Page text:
Bob called wanting to look at a small house (about 900 sq ft) we had for rent/sale near the University of Louisville. The house appealed to Bob because he could see from the outside that this house had been beautifully updated and well cared for. In qualifying Bob as a renter for the house, he told us that he had been on his job for 16 years, he earned in excess of $60,000/year and that 46 year old Bob has lived continuously in the same one room apartment for 2 years, paid his rent on time, was unmarried, had no children, and had $41,000 in his bank account. When asked why he wanted to move from his one room apartment, Bob told us that the apartment was no longer suitable for him because he would be bringing his elderly mother to live with him and needed more room. Bob was an ideal renter candidate, providing the information he gave us was accurate (and so often it is not).
Why was Bob interested in renting and not purchasing? We had to find out. Bob told us how he’d been single all his life and had always owned his own home and never had any debt. He had 1 credit card which he paid down to $0 every month. (A quick check while we were on the phone together revealed that Bob had purchased a home 15 years earlier for $160,000). Bob said that he’d met the love of his life 3 years earlier and they married. Wife thought they needed a larger home, which with Bob’s and her income, they could afford. They sold Bob’s home and purchased a $220,000 home. Wife enjoyed access to Bob’s good credit and good income. Within 6 months, Wife had accumulated 7 credit cards and $50,000 in credit card debt. Bob had warned his new wife 3 months earlier, that he didn’t want to see any more new things around the house, that he’d never been in debt before and that she had to close the credit card accounts and pay them off. Instead, she continued to make purchases. Bob filed for divorce and moved from the new family home. Wife refused to contribute towards the mortgage so Bob kept the payments current as long as he could, but it was too much for him alone. He encouraged wife to sell the house, but she refused and remained in the home until it was foreclosed upon 1 year later. Bob told us that he’d been paying off all of the marital debt for the previous 1 ½ years and that he was again debt free, living in his small studio apartment. He also shared that he’d recently gone to his financial institution, where he’d banked for 25 years, but was turned down for a home loan because of the foreclosure and that he’d have to wait another year before they would lend to him.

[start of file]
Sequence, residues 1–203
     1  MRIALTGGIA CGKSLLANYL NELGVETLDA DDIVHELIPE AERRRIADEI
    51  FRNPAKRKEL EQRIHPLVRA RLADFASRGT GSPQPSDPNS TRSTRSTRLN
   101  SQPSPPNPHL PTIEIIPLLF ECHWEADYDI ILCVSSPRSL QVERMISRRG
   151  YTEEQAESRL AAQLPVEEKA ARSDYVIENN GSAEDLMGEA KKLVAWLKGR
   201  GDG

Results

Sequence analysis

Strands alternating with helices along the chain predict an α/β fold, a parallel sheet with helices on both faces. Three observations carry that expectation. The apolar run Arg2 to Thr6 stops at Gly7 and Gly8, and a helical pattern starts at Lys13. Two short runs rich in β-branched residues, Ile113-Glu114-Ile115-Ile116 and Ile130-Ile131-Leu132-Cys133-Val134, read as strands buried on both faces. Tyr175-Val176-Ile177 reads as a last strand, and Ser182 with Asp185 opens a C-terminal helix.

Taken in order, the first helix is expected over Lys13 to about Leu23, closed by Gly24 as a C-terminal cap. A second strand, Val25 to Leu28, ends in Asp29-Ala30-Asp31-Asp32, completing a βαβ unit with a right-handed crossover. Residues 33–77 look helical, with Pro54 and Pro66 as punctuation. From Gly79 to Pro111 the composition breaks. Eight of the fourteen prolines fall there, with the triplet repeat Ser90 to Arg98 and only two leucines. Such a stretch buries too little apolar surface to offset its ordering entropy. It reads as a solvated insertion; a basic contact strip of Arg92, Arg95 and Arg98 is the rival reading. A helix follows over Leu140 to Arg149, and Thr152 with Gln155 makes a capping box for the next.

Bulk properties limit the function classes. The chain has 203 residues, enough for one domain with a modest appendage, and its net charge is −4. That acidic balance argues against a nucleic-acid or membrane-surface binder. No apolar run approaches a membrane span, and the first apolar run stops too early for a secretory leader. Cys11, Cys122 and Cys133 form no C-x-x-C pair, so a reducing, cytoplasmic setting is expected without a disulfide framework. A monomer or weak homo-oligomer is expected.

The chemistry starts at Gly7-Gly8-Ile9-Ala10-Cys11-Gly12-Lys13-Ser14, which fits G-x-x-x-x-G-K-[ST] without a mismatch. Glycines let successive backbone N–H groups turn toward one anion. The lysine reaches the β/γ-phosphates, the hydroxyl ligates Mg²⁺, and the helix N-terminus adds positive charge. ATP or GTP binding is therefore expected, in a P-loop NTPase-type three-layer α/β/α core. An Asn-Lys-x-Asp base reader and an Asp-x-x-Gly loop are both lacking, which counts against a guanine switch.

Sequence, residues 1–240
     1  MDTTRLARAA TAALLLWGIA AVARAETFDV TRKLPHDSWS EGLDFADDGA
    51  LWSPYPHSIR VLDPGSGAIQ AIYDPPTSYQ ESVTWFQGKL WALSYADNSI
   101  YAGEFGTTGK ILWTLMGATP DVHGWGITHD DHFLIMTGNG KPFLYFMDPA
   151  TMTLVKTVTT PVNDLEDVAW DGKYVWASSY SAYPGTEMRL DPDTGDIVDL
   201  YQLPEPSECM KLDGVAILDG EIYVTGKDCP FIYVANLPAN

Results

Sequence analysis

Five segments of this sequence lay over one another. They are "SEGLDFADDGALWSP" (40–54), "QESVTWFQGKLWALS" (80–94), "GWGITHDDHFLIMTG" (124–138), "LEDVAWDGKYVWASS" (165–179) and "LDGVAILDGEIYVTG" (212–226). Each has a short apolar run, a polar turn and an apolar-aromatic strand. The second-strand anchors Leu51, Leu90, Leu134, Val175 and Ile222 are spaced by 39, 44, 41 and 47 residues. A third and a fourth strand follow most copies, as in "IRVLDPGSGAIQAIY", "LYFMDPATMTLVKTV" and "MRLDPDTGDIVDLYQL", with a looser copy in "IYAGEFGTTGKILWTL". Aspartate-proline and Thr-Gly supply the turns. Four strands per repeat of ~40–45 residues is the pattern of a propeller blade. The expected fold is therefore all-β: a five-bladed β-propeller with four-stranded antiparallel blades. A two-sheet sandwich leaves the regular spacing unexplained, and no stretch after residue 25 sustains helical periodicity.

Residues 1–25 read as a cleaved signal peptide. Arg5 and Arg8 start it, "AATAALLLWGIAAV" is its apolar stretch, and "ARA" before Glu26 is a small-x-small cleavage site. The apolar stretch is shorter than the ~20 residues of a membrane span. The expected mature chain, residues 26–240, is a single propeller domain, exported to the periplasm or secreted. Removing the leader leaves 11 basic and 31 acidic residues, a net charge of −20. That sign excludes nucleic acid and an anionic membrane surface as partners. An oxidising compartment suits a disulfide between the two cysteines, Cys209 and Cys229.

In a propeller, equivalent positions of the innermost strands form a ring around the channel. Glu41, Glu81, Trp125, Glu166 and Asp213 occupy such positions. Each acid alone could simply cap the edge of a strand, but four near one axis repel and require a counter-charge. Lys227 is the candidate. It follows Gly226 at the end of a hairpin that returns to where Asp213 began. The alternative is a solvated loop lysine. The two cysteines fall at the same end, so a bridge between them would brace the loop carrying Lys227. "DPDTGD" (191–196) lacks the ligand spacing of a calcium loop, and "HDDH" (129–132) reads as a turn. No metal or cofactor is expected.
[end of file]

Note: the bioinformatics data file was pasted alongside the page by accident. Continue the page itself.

Neil, a skilled negotiator, told Bob that if he could prove his good credit, excepting the foreclosure, he could possibly get a small local financial institution to offer him a loan. Bob was ecstatic until I told him that it was L & N Credit Union I planned to speak with. Bob’s smile ran from his face, hung his head, and told me that it was L & N that was his financial institution for 25 years and that they are the ones who had turned him down. Neil asked Bob to sign an authorization for L & N to speak with Neil. With that done, Neil met with L & N Vice President and asked that Bob not be run through the loan computer program, which because of the recent foreclosure would exclude Bob as a borrower, but to look at Bob’s L & N account, review Bob’s handling of his account along with all other credit, including the $50,000 credit card debt that Bob successfully paid off and closed over the last 18 months.
After careful scrutiny and consideration, L & N loaned Bob $110,000 towards his $150,000 purchase of a beautiful new home. Bob was so happy, his brother came to us and he too is now the owner of a new home.